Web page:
It’s a common question. And for good reason.
The cost of UK retail crime has soared to a record high of £613 million this year. For small businesses, the effects of crime can be particularly devastating. In 2016, the Federation of Small Businesses calculated that the average cost of business crime was £6000.
But there’s a lot that small businesses can do to fight back. Our guide will outline the best practice techniques you can use to prevent:
But, before we get into the details of how to protect business from these threats, let’s look at how to create a solid security foundation.
A good security foundation covers your weak spots. Every organisation has weaknesses. To find yours, you need to assess each element of your business individually. This is best done with a professional risk assessment. Your elements are your:
Data (physical and digital)
Your staff can be your greatest asset when it comes to keeping your business protected. But only if they know what they’re doing and their role in your security plan. Training is therefore essential. Every member of your team should know:
That it’s better to give up cash or goods rather than get hurt trying to protect it
How to recognise suspicious behaviour and where to report it
To keep as little cash on site as possible and to routinely empty tills
How to open and close the business securely
How to report a crime
Make sure that you are aware of all possible access points. This includes small windows, hollow roof space and backdoors.
If necessary, strengthen doors, fit window locks and install security lighting.
Make sure that you have an alarm and that you put up signs that warn of its presence.
Consider installing strategically placed CCTV cameras and don’t be shy about telling people you have them.
Physical data theft – the theft of computers, laptops, electronic media, portable electronic devices and paper files – is one of the most common and costly business crimes. This means that you need to have policies in place that protect your data. Ensure the security of electronic and physical restricted data by:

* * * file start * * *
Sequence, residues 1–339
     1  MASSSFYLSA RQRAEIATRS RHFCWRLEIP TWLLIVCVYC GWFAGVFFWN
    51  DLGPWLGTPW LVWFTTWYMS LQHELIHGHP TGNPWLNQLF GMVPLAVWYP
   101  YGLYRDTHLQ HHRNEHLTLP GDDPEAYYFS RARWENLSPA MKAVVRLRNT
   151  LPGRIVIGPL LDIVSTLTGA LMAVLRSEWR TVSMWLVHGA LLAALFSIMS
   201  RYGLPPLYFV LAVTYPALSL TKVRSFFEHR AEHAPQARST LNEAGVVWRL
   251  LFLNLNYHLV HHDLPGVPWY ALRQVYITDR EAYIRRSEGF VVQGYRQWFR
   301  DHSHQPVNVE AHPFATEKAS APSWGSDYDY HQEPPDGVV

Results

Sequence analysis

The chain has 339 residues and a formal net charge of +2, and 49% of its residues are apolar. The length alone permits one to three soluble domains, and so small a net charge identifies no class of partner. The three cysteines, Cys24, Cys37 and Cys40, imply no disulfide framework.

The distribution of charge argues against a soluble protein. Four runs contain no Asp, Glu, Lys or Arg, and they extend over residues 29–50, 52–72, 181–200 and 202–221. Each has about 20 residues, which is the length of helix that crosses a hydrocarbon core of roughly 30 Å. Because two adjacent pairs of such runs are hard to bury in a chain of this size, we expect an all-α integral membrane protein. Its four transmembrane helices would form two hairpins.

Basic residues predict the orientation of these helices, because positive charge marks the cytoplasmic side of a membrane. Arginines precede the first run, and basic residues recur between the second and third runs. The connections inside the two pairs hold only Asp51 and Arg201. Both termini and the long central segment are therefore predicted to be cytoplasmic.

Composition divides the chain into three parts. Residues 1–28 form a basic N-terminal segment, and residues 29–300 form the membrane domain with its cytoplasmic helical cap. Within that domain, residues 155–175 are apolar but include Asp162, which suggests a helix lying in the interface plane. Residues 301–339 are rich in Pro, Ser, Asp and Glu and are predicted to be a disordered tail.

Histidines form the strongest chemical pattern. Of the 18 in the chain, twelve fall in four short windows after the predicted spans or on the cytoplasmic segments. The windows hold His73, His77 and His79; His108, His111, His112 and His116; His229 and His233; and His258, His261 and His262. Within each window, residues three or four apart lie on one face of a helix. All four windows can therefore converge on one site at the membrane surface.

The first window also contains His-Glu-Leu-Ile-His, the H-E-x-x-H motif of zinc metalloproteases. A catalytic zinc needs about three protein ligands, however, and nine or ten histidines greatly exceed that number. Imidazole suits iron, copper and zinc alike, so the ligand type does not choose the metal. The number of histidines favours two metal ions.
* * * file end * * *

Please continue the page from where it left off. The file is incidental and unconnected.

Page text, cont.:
Locking down workstations and laptops
Securing files and equipment when unattended
Concealing sensitive papers, computers and other electronic devices when left in an empty office
Encrypting all data
Shredding paper records when they’re no longer needed
Locking laptops in or to something permanent when unattended
Deleting all personal identity information when it’s no longer needed and report any suspected data breaches to the ICO.
To secure equipment:
Carry out regular property and equipment audits and allocate responsibility for particular items to individual employees.
Tag your computers and record all serial numbers.
Provide a safe area for cars and bikes.
Bolt expensive items to floors and walls.
Depending on the nature of your business, you may also want to invest in equipment insurance.
Most crimes against businesses are crimes of opportunity. By ensuring that you have a solid security foundation in place you reduce opportunities and deter criminals.
Typically, only three percent of property is recovered after a burglary. And only one in 10 crimes result in a charge being upheld. This makes preventing burglary much more viable than pursuing charges. Here’s what you need to do to keep burglars at bay.
Robberies are one of the most dangerous crimes to affect businesses. With a threat to employee life and wellbeing, it’s imperative that you do all you can to prevent a robbery taking place.
According to Financial Fraud Action UK, financial fraud losses reached £755 million in 2015. The main drivers of this type of crime are impersonation and deception scams, online attacks and data breaches. Follow these steps to make sure you prevent credit card fraud.
Shoplifters cost UK retailers around £335 million every year. Shoplifting can be a real threat if you own a store. To avoid losses, make sure that you deter shoplifters with the following steps.
In legal terms, vandalism is a form of criminal damage since it involves the damage or defacement of private or public property without permission. It’s a serious crime, and it’s one that costs business owners a lot of money. In the UK, the rate of criminal damage is decreasing. Still, with 1.3 million incidents of criminal damage to personal and household property in the year ending March 2015, you need to do what you can to prevent vandalism.
In England and Wales, 10,717 counts of theft by an employee were recorded in 2015/16. Such crimes decreased steadily after a peak in 2003/04. Now, however, employee theft is on the rise again. To prevent employee theft, you should.
Churchill Security is a nationwide security company and a trusted provider of bespoke retail and business security solutions. If you’d like to find out how we can help you secure your business, get in touch.